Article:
One of many statues and displays, this one depicts the young Elvis with his guitar along with the older entertainer and showman wearing his famous cape.

The original Assembly of God Church building, moved to this museum site, is where the Presley family attended church. It was here where Elvis learned to play the guitar and cultivate his Southern Gospel heritage.

Continuing westbound along US-278 into Pontotoc County, I made another quick parking lot cache find (GC2Z18N). Then for Lafayette County, I stopped for the Midway Cemetery cache (GCHV91) east of Oxford. A quick look around at the headstones and there was one grave that stood out for a fallen soldier.

Making my way across the state, Panola County was next up. And for a few minutes I became a Panolian as I looked for the geocache hidden at the local newspaper (GC13T4F).

Arriving in Quitman County I stopped for a couple of geocaches that were placed on private property. These homeowners were all too happy to open up their front yard to geocachers (GC478T5) and share their little village they created. There's a couple of cabins that are full size and some not quite sized. Just a whole bunch of fun creative stuff.

Continuing westbound on US-278 and still in Quitman County but on the way to the next, I caught a glimpse of an old abandoned church with a graveyard out the corner of my eye just calling out to me causing me to make a u-turn and explore further. After I parked I checked my phone and there just happened to be a geocache hidden there also! (GC3NGGM) But as luck would have it, there were some DNF's and I didn't have any success in finding it either. But I did walk away happy still because I love finding these old abandoned places.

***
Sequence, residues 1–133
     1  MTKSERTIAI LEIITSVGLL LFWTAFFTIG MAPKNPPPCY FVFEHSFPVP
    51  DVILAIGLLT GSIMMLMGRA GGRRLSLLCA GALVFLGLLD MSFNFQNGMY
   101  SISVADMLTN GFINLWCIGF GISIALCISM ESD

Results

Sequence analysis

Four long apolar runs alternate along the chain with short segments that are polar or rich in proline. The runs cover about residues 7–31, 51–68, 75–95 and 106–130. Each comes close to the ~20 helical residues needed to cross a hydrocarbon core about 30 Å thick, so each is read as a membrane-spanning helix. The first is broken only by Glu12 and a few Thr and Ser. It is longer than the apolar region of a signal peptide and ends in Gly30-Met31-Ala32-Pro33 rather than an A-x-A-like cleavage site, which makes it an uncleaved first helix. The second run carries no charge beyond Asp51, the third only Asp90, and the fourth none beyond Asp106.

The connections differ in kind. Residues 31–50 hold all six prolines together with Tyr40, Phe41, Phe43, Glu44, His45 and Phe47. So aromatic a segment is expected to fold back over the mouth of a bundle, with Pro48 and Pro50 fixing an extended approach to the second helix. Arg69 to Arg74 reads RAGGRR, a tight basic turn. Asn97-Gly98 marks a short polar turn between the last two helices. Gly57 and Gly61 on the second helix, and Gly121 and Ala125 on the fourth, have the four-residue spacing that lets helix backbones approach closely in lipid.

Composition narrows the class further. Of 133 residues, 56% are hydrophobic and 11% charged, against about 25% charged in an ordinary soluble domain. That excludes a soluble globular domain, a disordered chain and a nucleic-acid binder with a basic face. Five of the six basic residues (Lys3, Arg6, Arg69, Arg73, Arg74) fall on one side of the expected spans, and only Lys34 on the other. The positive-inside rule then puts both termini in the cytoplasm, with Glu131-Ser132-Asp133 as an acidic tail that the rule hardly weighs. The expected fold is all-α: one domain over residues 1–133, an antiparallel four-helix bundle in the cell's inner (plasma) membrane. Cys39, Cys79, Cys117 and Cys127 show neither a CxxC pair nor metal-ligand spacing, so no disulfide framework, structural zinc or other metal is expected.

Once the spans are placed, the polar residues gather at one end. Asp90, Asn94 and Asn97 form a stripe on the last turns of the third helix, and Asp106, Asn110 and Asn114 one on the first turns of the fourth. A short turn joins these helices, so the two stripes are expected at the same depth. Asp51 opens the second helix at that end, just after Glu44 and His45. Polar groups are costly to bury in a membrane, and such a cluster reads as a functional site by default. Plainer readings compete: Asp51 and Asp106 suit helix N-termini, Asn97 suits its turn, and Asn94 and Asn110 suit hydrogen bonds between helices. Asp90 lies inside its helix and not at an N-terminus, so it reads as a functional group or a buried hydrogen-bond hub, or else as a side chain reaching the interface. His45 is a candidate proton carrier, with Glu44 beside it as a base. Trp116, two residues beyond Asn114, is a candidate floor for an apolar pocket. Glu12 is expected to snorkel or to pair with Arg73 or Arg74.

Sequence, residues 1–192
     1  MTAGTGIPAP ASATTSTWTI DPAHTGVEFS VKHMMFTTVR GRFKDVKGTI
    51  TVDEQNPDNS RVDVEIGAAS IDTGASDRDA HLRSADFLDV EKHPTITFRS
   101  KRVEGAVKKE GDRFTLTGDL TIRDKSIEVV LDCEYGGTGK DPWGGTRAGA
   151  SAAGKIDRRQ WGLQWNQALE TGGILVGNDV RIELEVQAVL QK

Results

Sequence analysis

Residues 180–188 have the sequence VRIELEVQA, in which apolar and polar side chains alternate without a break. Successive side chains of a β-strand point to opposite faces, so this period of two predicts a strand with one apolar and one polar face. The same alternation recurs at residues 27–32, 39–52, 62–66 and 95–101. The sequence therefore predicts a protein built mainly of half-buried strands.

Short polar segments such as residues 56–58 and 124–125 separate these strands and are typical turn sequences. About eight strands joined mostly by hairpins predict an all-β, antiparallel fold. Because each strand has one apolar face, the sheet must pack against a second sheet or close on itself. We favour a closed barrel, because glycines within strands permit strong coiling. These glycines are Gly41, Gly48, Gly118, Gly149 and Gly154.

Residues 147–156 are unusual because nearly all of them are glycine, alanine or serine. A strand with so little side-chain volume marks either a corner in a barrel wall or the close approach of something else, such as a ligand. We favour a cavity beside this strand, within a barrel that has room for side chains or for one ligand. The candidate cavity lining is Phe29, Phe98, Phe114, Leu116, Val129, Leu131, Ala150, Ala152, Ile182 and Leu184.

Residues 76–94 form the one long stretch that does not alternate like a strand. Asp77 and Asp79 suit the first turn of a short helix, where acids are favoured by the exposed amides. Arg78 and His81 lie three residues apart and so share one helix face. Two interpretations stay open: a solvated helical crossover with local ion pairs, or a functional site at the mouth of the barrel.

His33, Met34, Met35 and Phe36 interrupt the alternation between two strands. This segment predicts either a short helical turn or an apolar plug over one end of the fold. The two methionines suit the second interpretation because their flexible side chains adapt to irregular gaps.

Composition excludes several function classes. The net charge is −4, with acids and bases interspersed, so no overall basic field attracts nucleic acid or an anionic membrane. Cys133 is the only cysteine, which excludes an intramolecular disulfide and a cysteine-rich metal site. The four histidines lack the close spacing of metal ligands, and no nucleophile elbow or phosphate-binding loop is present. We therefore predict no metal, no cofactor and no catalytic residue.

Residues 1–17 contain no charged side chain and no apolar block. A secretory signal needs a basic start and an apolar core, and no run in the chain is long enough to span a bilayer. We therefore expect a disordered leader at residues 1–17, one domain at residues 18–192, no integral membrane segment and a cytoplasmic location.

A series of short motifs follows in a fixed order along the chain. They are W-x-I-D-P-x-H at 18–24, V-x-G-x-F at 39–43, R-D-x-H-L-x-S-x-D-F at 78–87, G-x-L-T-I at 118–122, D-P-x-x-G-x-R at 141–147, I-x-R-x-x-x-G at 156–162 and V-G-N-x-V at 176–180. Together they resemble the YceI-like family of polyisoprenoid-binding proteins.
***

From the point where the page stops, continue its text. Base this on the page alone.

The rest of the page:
After spending a couple of hours researching for this blog post, all I was able to come up with is that it was called the Pawpaw Church and Cemetery. There is also a Pawpaw Cemetery to the west in Clarksdale. These were predominately black cemeteries and reading many old newspaper articles, they had fallen into neglect. While the church itself has long been abandoned, it appears as though the graveyard has been taken care of recently.

Sadly I regret now only taking a photo of one headstone. The findagrave website only shows a few listings for this cemetery and no photos at all. The one headstone I did photograph wasn't even listed. So I added the name, dates, and the pic. I think I'm gonna want to go back and take more pictures.

I also found out that the "pawpaw" refers to the pawpaw fruit tree in the area. Similar to an apple or pear, but it has a vanilla taste to it. Supposed to be delicious. You won't find it at your local produce stand because it doesn't stay ripe very long. Therefore it usually just grows in the wild and has to be eaten right off the tree in the fall.

Next up in Coahoma County was another of the Mississippi Blues Trail historical markers and a cache (GC2KDJ6). Rock ‘n’ roll and rhythm & blues pioneer Ike Turner began his career playing blues and boogie-woogie piano in Clarksdale. Turner was born less than a mile southwest of this site, at 304 Washington Avenue in the Riverton neighborhood, on November 5, 1931. In his pre-teen years he got a job here at the Hotel Alcazar, where he operated the elevator and did janitorial work. Turner later rose to fame as a deejay, producer, and leader of the Kings of Rhythm band and the Ike & Tina Turner Revue.